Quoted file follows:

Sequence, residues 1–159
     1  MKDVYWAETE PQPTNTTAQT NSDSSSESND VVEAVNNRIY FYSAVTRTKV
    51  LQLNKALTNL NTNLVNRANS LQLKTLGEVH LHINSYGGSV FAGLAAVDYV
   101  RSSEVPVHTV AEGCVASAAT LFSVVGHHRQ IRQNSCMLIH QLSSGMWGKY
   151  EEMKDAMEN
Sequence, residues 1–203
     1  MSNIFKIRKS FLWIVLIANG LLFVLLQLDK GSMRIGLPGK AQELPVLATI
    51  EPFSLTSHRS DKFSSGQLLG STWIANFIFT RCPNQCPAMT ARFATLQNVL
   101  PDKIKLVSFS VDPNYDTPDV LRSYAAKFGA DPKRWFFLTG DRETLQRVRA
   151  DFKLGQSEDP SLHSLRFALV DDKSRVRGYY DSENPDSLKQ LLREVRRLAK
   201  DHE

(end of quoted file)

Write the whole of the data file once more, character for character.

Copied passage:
Sequence, residues 1–159
     1  MKDVYWAETE PQPTNTTAQT NSDSSSESND VVEAVNNRIY FYSAVTRTKV
    51  LQLNKALTNL NTNLVNRANS LQLKTLGEVH LHINSYGGSV FAGLAAVDYV
   101  RSSEVPVHTV AEGCVASAAT LFSVVGHHRQ IRQNSCMLIH QLSSGMWGKY
   151  EEMKDAMEN
Sequence, residues 1–203
     1  MSNIFKIRKS FLWIVLIANG LLFVLLQLDK GSMRIGLPGK AQELPVLATI
    51  EPFSLTSHRS DKFSSGQLLG STWIANFIFT RCPNQCPAMT ARFATLQNVL
   101  PDKIKLVSFS VDPNYDTPDV LRSYAAKFGA DPKRWFFLTG DRETLQRVRA
   151  DFKLGQSEDP SLHSLRFALV DDKSRVRGYY DSENPDSLKQ LLREVRRLAK
   201  DHE